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First 'renewable diesel' pump on Central Coast arrives in San Luis Obispo

JB Dewar
Renewable diesel reduces greenhouse gas emissions by as much as 80 percent, compared to petroleum diesel

If you're driving a diesel vehicle, there’s a new option for cleaner fuel at a San Luis Obispo pump: renewable diesel.

JB Dewar is the first provider on the Central Coast to start offering renewable diesel at the pump. Signs and flags at pump 16 on 75 Prado Road in San Luis Obispo encourage diesel truck drivers to fuel up with the new choice.

Jordan Pickens with JB Dewar told KCBX News the renewable diesel sign is causing some people to scratch their heads. 

“We’ve certainly had questions," Pickens said. "And the main question is: ‘ Is this biodiesel or what is this?’”

Renewable diesel, much like biodiesel, is derived from agricultural waste products. But renewable diesel is being marketed as an improved, next-generation version of synthetic diesel. 

“It goes through a refining process called hydrotreating," Pickens said. "And that’s the key factor and difference between biodiesel and renewable diesel, it’s that refining process.”

Because of that refining process, Pickens said it burns cleaner than biodiesel, so it releases less carbon. JB Dewar’s pump in San Luis Obispo is currently the only one in the Central Coast to offer it to the broader public.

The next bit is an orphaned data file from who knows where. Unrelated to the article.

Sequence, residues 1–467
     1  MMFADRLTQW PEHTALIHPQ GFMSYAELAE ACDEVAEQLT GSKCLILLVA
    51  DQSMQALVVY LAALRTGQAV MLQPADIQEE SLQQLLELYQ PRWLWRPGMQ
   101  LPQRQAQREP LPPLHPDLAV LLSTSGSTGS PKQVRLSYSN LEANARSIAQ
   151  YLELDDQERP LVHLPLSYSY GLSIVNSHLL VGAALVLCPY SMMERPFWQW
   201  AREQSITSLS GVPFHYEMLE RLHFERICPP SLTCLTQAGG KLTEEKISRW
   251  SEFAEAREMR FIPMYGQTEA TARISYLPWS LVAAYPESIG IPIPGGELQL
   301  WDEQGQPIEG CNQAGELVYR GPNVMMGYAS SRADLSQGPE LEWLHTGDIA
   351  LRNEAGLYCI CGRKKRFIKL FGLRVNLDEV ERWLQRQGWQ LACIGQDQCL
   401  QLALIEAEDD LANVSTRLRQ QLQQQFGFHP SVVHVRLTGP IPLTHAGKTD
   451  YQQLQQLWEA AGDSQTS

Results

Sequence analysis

“That’s exciting for us," Pickens said. "We feel that that is the future of diesel.”

While biodiesel may require some truck engines to make modifications to use, renewable diesel is compatible with all diesel-burning engines. 

“It’s kind of like a like for like change," Pickens said. "Except, that you are putting renewable diesel in it and it burns cleaner, it has a higher cetane rating so you get better performance and it’s better for the environment.”

Pickens said the demand for cleaner energy is on the rise, and they plan to expand the number of renewable diesel pump locations in the next year.

Angel Russell is a former KCBX News reporter who started her career in journalism as a reporter and producer for KREX on Colorado's Western Slope; she later moved to the Central Coast to work for KSBY as weekend anchor and weekday reporter. She holds a BA in journalism from the University of Hawaiʻi at Mānoa. In her spare time, she enjoys reading, and playing guitar and piano.
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